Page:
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LockBit Disruption

Bola Ogbara
Bola Ogbara Connect on LinkedIn
2 min. read

LockBit, the most pervasive ransomware group, was disrupted in a global operation, leading to arrests and decryption keys for victims. International collaboration continues to combat cyber threats effectively.

LockBit Disruption (1)

On February 20, 2024, international collaboration disrupted LockBit, the most prolific ransomware group in the world. According to researchers at Recorded Future they have been behind almost 2,300 cyber attacks since 2019, extorting over $120 million in ransom payments. While the majority of victims were from the United States, LockBit ransomware was levied internationally, with attacks spanning the whole globe (North America, Latin America and the Caribbean, Europe, Asia, Africa, and the Middle East). The group was notorious for their attacks on the healthcare industry, but their reach also disturbed many companies in manufacturing, construction, finances, IT, and law.


A press release from Europol explains how law enforcement from France, Germany, the Netherlands, Sweden, Australia, Canada, Japan, the UK, the US, and Switzerland (with support from Finland, Poland, New Zealand, and Ukraine) were able to target LockBit ransomware in the multi-year ‘Operation Cronos’. Lockbit ran under a ‘ransomware-as-a-service’ (RAAS) model, where one main group would create the malicious software and maintain its website. They would then license the code so affiliates (who would get around 75% of the ransom money) could launch attacks on the companies they targeted. 


By getting control of LockBit’s data leak site and the 34 servers used by Lockbit actors, Operation Cronos has blocked the cybercriminals from continuing their ransomware operations.  They also developed almost one thousand decryption keys for victims of LockBit ransomware, which victims may receive access to by contacting the FBI on a new site, and froze approximately 200 cryptocurrency accounts related to attacks. 


The National Crime Agency (NCA), a UK-based law enforcement organization, played a large role in the LockBit site takeover. The Agency was able to secure the source code and collect information about LockBit’s activities and their connections to victims and affiliates. They gained crucial intelligence, even learning that ransom payments did not result in the stolen data being deleted.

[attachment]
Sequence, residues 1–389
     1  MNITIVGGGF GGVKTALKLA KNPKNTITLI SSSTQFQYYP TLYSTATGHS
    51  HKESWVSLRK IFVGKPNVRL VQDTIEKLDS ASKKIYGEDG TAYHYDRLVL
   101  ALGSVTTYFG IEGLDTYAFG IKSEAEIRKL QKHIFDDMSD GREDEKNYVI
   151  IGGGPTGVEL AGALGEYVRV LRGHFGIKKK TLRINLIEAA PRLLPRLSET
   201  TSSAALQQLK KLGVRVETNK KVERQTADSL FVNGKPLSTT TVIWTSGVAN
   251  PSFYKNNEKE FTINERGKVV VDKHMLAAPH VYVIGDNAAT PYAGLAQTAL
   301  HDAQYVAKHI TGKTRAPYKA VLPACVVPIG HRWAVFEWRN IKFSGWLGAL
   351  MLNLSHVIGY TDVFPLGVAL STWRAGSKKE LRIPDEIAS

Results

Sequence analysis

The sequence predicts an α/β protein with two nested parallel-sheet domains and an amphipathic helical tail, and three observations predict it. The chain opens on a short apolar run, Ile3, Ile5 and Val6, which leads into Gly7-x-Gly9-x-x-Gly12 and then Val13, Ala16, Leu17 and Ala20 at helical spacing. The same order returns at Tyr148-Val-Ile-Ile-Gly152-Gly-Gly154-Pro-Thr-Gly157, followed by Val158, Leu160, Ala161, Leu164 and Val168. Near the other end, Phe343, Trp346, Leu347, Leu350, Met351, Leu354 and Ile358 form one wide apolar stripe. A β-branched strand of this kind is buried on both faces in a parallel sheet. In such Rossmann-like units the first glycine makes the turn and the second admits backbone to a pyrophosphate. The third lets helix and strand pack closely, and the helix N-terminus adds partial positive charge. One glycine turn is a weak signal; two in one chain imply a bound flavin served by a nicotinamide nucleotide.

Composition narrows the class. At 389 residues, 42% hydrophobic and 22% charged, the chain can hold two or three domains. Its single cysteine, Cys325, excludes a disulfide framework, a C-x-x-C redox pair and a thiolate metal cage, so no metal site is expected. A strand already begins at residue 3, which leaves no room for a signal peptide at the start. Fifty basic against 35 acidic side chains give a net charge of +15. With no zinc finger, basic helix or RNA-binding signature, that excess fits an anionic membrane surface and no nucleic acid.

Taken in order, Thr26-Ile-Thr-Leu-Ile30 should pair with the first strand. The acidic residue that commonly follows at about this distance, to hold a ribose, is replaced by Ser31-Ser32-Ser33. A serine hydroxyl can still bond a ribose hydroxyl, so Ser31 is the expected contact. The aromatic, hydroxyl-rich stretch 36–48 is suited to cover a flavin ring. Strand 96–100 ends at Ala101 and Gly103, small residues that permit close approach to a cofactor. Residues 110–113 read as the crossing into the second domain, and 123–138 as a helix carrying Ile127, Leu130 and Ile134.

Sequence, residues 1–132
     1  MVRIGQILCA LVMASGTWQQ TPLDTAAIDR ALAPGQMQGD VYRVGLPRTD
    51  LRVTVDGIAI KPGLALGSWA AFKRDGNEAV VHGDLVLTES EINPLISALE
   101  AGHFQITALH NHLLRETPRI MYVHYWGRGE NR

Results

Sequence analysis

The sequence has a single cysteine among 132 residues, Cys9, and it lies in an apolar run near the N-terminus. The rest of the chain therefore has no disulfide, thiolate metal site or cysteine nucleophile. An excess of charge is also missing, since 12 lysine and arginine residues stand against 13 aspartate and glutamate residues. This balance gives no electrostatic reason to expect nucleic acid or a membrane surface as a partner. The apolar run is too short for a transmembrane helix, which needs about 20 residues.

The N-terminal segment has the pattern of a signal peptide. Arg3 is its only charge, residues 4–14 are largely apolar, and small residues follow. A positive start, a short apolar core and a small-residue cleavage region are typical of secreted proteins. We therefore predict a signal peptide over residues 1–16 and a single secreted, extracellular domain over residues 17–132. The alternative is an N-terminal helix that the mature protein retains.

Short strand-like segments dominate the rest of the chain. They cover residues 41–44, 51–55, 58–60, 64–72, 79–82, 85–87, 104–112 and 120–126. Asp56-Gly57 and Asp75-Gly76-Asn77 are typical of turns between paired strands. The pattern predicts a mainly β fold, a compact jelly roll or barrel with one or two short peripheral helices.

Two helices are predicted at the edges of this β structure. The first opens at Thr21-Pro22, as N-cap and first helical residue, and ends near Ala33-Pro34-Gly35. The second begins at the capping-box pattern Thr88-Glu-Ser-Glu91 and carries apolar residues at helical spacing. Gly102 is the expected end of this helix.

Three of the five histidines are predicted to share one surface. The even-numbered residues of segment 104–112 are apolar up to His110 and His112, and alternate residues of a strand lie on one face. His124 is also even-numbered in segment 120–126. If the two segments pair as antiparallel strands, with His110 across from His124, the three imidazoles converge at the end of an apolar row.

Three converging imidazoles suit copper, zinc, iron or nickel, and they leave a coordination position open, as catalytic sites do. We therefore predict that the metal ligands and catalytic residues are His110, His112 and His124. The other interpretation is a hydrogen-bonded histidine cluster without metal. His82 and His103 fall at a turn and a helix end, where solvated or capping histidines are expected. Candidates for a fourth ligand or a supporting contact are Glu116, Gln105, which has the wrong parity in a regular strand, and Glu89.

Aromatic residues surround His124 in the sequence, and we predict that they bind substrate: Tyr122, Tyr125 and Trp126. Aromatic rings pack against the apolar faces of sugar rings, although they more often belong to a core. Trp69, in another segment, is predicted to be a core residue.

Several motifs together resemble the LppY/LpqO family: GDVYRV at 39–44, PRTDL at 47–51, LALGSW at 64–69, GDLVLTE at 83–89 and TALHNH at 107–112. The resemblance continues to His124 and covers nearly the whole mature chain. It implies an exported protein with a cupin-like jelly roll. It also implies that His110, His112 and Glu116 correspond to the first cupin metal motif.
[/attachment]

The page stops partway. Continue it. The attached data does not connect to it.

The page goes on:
And this is not the end of this investigation. The indictments of two Russian nationals, Artur Sungatov and Ivan Kondratyev, have been unsealed, and the Department of State is offering rewards totaling up to $15 million for any information about LockBit leaders and affiliates that could lead to their arrest. Already, three affiliates, including a father-and-son team, have been arrested in Poland and Ukraine. 


Regarding this operation, the Director of the FBI, Christopher A. Wray said that “the FBI and our partners have significantly degraded the capabilities of those hackers responsible for launching crippling ransomware attacks against critical infrastructure and other public and private organizations around the world…We will continue to work with our domestic and international allies to identify, disrupt, and deter cyber threats, and to hold the perpetrators accountable.” The FBI, in collaboration with the Department of Justice, has already made impressive strides in the fight against cybercrime. Last year they were the main players in the takedown of Qakbot and Hive

More recently, international cooperation was also able to disrupt Volt Typhoon, which had impacted the operations of several US critical infrastructure organizations. As long as the FBI and the DOJ continue their cooperative disruption campaigns, cybercriminals should heed the warning from Brett Leatherman, FBI Cyber Deputy Assistant Director: “No matter where you are, and no matter how much you try to twist and turn to cover your tracks—your infrastructure, your criminal associates, your money, and your liberty are all at risk. And there will be consequences.”